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Car tab fees: King County sidesteps voters to avoid massive transit cuts
The King County Council voted 7-2 to approve an emergency Congestion Reduction Charge during an Aug. 15 meeting. King County residents will pay an extra $20 on their car tabs to help keep Metro bus services at current levels, as the agency continues to work on a financial plan for the troubled public transit system.
“This is a short-term fee, it’s a two-year fee. It provides us with time to go to work with the State of Washington to find long-term, sustainable funding for our system,” said Councilwoman Julia Patterson, who represents District Five. “This investment would preserve the existing levels of service hours that are currently in the system. Without this fee, we would lose approximately 9 million rides per year. We would put back approximately 15,000 cars on the roads each day.”
Councilman Larry Phillips said the council and Metro exhausted every avenue possible and were still short of meeting a severe budget shortfall.
“We have tapped and tapped and tapped our reserves,” he said. “What we can’t close after all of that hard work is a $60 million annual operating gap. If we aren’t able to take this next step, we would realize a 17 percent cut in service. Taking us back to 1996 levels and wiping out a decade and a half of growth, taking us in the opposite direction of where we need to be heading.”
Phillips said it boiled down to a simple choice: Massive transit cuts or approve an emergency, one-time, stop gap congestion charge on vehicles.
Reagan Dunn, one of the two council members who voted no, said he felt the democratic process was being sidestepped with the council’s actions on the Congestion Reduction Charge.
“I don’t like or support the process of forcing a tax on families with fixed incomes, on seniors with fixed incomes, especially in a down economy, without a vote of the people. It’s important for them to vote; it’s important in general for tax increases to be approved within a democracy,” he said. “The voters should have a say in this, and I think it’s very unfortunate they have been denied the right to do so tonight.”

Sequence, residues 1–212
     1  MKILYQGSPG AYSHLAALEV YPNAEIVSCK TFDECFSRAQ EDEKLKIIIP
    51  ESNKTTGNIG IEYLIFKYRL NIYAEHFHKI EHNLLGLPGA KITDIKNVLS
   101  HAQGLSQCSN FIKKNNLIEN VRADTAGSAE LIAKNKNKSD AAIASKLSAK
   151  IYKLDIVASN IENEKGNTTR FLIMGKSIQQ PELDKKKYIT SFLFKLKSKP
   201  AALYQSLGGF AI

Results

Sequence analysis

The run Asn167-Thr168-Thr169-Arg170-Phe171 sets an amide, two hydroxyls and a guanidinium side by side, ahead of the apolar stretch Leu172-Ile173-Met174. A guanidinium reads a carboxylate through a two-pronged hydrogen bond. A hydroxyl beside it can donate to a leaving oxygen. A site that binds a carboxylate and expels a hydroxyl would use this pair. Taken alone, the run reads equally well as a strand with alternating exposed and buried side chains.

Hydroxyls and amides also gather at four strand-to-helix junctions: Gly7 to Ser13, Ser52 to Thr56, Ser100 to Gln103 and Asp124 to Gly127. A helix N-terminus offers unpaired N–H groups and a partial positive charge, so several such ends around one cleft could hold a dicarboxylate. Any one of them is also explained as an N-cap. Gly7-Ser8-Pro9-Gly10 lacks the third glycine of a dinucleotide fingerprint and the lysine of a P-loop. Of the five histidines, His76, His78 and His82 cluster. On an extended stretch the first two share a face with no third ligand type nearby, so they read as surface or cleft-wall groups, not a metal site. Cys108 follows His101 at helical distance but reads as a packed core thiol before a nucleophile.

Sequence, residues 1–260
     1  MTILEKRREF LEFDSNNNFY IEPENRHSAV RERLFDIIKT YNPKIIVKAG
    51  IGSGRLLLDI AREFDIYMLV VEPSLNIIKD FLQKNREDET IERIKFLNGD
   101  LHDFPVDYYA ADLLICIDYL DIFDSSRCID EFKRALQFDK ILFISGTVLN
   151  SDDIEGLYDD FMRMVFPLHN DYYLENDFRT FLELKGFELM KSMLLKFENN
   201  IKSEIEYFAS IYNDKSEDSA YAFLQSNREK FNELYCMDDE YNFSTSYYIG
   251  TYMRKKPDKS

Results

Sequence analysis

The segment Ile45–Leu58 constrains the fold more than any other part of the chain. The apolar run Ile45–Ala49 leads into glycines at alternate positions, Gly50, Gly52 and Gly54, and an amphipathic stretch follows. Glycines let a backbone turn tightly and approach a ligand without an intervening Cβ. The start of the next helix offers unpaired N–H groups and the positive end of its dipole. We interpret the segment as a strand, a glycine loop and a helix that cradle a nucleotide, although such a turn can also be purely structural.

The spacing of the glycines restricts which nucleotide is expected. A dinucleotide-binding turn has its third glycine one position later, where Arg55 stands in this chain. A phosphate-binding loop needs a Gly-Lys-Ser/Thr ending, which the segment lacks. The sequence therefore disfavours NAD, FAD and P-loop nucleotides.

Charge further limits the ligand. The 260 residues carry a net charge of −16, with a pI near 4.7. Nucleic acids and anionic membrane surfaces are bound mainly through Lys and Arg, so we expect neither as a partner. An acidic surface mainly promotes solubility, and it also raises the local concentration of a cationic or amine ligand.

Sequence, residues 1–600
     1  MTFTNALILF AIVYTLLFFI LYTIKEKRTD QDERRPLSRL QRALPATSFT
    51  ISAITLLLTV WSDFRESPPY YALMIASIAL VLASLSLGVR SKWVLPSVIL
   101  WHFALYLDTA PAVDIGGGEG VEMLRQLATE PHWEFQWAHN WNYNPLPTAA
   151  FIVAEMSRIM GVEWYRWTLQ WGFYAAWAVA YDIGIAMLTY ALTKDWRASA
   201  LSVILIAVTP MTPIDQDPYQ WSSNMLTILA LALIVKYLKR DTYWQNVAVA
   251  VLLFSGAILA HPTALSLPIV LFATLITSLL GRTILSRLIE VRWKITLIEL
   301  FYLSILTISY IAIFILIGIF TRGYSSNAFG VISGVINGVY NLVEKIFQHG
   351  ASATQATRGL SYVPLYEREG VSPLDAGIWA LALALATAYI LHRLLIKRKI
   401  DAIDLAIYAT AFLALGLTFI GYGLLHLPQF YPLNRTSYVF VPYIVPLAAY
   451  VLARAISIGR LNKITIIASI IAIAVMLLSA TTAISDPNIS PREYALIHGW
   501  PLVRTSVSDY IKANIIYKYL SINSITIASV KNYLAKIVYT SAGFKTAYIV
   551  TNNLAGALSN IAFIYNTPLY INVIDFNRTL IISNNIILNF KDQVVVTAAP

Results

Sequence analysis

Dunn also said the Aug. 15 vote just means the council and Metro will be right back where they started in two years.
“We must find a solution, and I hope that solution is not to put this car tab fee in perpetuity,” he said.
The other dissenting voter, councilman Pete Von Reichbauer, read a statement made by a fellow council member, although he declined to say which member it was. Some local media reports indicated the statement von Reichbauer read was from a letter to the constituents of councilwoman Linda Hague, released earlier this summer. Hague had initially indicated her vote would be no on the Congestion Reduction Charge.
“Voters in this state have made it known through the initiative process that they wish to cap car tab fees. I respect that and I believe that altering this requires a vote of the people,” von Reichbauer read. “I agree with that statement.”
Besides the congestion reduction charge, a few other elements were added in the final package voted on by council members Aug. 15. One is the inclusion of bus “vouchers” to registered car owners. Car owners will receive eight passes to be used on Metro, with the thought that people might be willing to give the bus a chance with such vouchers. If they don’t use the vouchers, they can donate them to one of the county’s human services programs. The second amendment to the package is the abolition of “ride free” zones, which is to take effect in October 2012. Another extra element was for King County Metro to begin looking at using smaller buses on less utilized routes.